Raising Faith

All of Lent looks ahead to the profession of faith at Easter. Those to be baptized will make their profession for the first time and the baptized will renew theirs. That’s why the Church gives us Gospel passages about faith throughout Lent.

Over the past five weeks, we’ve seen the lessons. Jesus is transfigured before the Apostles to confirm in their minds what they already know by faith. In his patient conversation with the Samaritan woman, Jesus brings her to know him as the Christ: “I am he, the one speaking with you.” Likewise, he leads the man born blind from the darkness of ignorance to the light of faith. This arrangement of readings is to deepen our faith so that we can more strongly renew our baptismal promises at Easter.

Today we have the last lesson in faith before Holy Week. The account of the raising of Lazarus (Jn 11:1-45) puts before us Jesus’ greatest miracle, his last “sign” in John’s Gospel. From start to finish, it is a story about faith. And the hero of the scene is Martha, the anxious, bossy sister of contemplative, peaceful Mary. In Martha, we see ourselves both as we are and as we should be.

From the start, we sense that Jesus intends to stretch the faith of Martha and Mary. John the Evangelist tells us that “Jesus loved Martha and her sister and Lazarus.” Then he states, as if it follows logically, “So when he heard that he was ill, he remained for two days in the place where he was.” What explains the delay?

It’s not that our Lord is heartless or unconcerned about poor Lazarus. It’s rather that he allows this great sorrow to befall those he loves so as to draw out of them a greater act of faith. He allows the situation to proceed beyond what is mere human hope. He allows it to become hopeless. He delays his response to give them an opportunity to increase their faith.

Why doesn’t he answer? We can imagine Martha asking that question when Jesus doesn’t arrive immediately. It’s a question we ask when our prayers go seemingly unanswered. How long, O Lord? So, this passage gives us a lesson on the faith needed for intercessory prayer. We should not give up our prayers when we don’t see immediate results or when matters even seem to worsen. Our faith increases when we wait on the Lord. Or, better, when our Lord makes us wait, it’s to increase our faith.


Martha goes out to meet Jesus when he finally arrives. Her words give witness to an extraordinary trust. She leads with a profession of faith about the past (that also serves as a little scolding): “Lord, if you had been here, my brother would not have died.” She then immediately follows up with a profession of faith about what’s possible in the present: “But even now I know that whatever you ask of God, God will give you.” As if to say, I trusted you then. . .and I still trust you. Not even death can break this trust. Despite Lazarus’s death and the seeming uselessness of her prayers, she perseveres in faith.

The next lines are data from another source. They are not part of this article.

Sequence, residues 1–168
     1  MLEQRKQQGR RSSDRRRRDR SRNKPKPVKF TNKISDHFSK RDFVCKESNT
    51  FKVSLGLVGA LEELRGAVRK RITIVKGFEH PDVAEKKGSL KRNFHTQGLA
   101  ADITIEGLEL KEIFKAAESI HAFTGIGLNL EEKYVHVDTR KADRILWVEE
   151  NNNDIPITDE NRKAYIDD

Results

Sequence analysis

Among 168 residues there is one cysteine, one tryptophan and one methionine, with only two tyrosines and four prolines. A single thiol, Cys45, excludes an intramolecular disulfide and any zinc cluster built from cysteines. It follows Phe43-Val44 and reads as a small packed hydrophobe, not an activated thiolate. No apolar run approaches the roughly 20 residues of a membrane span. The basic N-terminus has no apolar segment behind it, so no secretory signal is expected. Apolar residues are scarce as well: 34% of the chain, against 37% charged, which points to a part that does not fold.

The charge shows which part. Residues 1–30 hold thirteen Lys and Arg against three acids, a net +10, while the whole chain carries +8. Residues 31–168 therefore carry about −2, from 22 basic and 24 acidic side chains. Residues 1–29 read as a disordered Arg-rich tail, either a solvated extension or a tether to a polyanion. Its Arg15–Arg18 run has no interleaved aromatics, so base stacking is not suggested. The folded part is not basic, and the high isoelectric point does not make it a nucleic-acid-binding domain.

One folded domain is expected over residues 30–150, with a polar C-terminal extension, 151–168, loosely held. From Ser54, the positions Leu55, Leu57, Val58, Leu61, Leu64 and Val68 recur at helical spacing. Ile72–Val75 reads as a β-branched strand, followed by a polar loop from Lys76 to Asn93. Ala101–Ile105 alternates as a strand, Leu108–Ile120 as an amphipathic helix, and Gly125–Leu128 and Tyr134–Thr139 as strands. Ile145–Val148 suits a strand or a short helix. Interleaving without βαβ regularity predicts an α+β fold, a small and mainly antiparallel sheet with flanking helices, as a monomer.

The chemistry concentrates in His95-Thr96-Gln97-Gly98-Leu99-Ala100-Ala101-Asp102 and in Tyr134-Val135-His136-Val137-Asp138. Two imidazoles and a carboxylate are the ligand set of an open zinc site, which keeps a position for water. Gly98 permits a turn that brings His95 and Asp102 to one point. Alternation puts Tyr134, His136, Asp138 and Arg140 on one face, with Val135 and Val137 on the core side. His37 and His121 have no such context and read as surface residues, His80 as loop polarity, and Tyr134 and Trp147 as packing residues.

But Jesus desires a still stronger faith. He’s like a great coach getting even better performance out of his athletes. So, he puts it to Martha bluntly: “I am the resurrection and the life; whoever believes in me, even if he dies, will live, and everyone who lives and believes in me will never die.” Then, “Do you believe this?”

That question is on par with his question to Peter at Caesarea Philippi: “But who do you say that I am?” In fact, Martha and Peter bear a striking resemblance: strong-willed, a little bossy, sometimes getting in their own way. . .but full of faith. You get the sense that Jesus had a similar affection for both. Not surprisingly, Martha – like Peter – responds boldly: “Yes, Lord. I have come to believe that you are the Christ, the Son of God, the one who is coming into the world.”

One more test remains, and it is the most severe. “Where have you laid him?” Jesus asks. He wants Martha’s faith to be exercised in the extreme – at the tomb, in the face of nothingness. Martha falters a little bit and tries to prevent the miracle: “Lord, by now there will be a stench; he has been dead for four days.” So Jesus, again as he did with Peter, rebukes Martha: “Did I not tell you that if you believe you will see the glory of God?” Can you believe in the face of death? Will you trust only when it’s easiest, or in the darkest moments as well? Can you believe and trust in the most lifeless times?

At his word Martha relents. Her trust is rewarded; Lazarus is raised.

We might be satisfied with a superficial faith. But God isn’t. We might set limits on our faith – how strongly or how much we will trust. . .or in what situations. But God hasn’t set a limit. He keeps stretching us to increase our faith. Indeed, he’s not satisfied until our faith is whole, penetrating our entire lives, reaching even into the tomb. He even allows trials and sufferings, like the death of a loved one, to provide greater opportunities for faith. And if we persevere as she did, we will likewise be rewarded.


*Image: The Resurrection of Lazarus by Henry Ossawa Tanner, 1896 [Musée d’Orsay, Paris]

Fr. Paul Scalia is a priest of the Diocese of Arlington, VA, where he serves as Episcopal Vicar for Clergy and Pastor of Saint James in Falls Church. He is the author of That Nothing May Be Lost: Reflections on Catholic Doctrine and Devotion and the editor of Sermons in Times of Crisis: Twelve Homilies to Stir Your Soul.